Montezuma Wetlands Restoration Project

This privately owned and operated project located at the eastern edge of the Suisun Marsh will restore nearly 2,000 acres of tidal and seasonal wetlands on historical tidal marsh land that was diked and drained for agricultural use more than 100 years ago. Since opening in December 2003 and through 2019, Montezuma has received approximately 8 million cubic yards of dredged material out of a total of 17.5 million cubic yards available. A substantial portion of dredged sediment, 3 million cubic yards, came from the Oakland Harbor Deepening Project. This project is unique because some of its dredged material placement cells are designed and constructed to contain sediment that is slightly more chemically challenged than the cleanest Bay sediment that is typically used in tidal marsh restoration projects. This type of sediment is called “foundation” or “noncover” material to differentiate it from “surface” or “cover” material. Up to 20% of the dredged material delivered to the project may be foundation material. The Water Board’s permit requires that foundation material must be covered by, at a minimum, three feet of surface/cover quality sediment and be isolated surface-water bodies and constructed channels by at least 200 lateral feet of surface sediment. Acceptance of foundation material allows beneficial reuse of sediment that would otherwise be permanently lost from the Bay system via disposal at the ocean disposal site or upland sites.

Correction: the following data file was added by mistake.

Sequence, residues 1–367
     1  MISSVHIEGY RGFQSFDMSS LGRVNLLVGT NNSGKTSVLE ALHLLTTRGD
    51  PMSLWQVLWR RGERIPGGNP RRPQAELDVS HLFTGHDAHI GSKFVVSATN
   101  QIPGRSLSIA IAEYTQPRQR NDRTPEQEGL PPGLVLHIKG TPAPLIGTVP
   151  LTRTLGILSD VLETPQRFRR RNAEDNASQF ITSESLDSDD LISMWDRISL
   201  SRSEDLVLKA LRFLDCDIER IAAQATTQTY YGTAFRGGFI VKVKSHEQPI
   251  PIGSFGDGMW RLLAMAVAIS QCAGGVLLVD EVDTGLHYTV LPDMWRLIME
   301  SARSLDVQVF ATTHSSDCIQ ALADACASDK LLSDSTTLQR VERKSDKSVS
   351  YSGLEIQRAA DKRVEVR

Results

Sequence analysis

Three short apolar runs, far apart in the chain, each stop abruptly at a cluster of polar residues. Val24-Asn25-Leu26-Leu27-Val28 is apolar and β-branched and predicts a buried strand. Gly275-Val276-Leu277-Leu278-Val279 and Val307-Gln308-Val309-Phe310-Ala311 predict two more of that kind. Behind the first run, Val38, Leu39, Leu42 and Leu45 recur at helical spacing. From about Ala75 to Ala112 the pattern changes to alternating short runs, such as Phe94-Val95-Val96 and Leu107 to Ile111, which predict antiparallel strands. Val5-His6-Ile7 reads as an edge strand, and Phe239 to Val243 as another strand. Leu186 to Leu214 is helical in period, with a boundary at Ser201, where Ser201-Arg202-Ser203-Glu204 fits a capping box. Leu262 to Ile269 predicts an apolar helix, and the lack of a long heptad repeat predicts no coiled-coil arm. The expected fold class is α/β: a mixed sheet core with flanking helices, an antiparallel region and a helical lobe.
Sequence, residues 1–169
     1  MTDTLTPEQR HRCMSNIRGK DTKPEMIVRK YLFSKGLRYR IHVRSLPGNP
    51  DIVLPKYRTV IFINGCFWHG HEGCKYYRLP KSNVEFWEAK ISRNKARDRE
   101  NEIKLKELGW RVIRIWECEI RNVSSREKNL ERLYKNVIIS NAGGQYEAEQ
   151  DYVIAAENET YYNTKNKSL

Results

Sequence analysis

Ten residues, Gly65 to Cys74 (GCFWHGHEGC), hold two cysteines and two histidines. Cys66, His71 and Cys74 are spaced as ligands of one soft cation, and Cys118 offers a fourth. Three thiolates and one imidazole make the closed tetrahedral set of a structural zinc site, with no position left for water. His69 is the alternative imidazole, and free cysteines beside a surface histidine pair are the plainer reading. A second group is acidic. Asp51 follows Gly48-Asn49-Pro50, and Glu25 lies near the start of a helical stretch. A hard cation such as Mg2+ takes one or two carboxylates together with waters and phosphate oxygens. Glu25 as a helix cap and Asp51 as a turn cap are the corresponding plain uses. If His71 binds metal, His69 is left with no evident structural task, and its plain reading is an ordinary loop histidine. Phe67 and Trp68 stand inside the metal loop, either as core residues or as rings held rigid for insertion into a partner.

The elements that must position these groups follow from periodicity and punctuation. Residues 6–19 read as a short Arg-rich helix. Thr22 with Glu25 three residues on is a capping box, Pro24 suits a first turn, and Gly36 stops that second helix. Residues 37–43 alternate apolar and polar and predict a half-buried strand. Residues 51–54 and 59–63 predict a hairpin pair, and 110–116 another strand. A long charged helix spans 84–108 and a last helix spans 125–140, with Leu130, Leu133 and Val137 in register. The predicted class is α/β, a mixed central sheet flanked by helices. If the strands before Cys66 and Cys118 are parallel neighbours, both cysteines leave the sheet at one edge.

• Impaired Waterbody and Total Maximum Daily Load Map Tool
    • Impaired Waterbody Map Features:
      • This map tool allows a user to locate Hydrologic Unit Code 10 (HUC-10) watersheds and impaired waterbodies with applicable requirements from Appendix 3 of the Industrial General Permit.
    • Total Maximum Daily Load Map Features:
      • This map tool allows a user to find Total Maximum Daily Load (TMDL) waterbody(ies) or watersheds that will have implementation requirements through the Industrial General Permit effective July 1, 2020.

    • DISCLAIMER: The map tool is for information only and there is no explicit or implied assurance of the accuracy for the information provided. The map tool will help Dischargers determine potentially applicable TMDL requirements based upon facility location, but it is ultimately the responsibility of the Discharger to identify applicable TMDL requirements by identifying the facility’s: 1) receiving waterbody(ies), 2) the pollutants discharged, and 3) applicable requirements in Attachment E of the Industrial General Permit.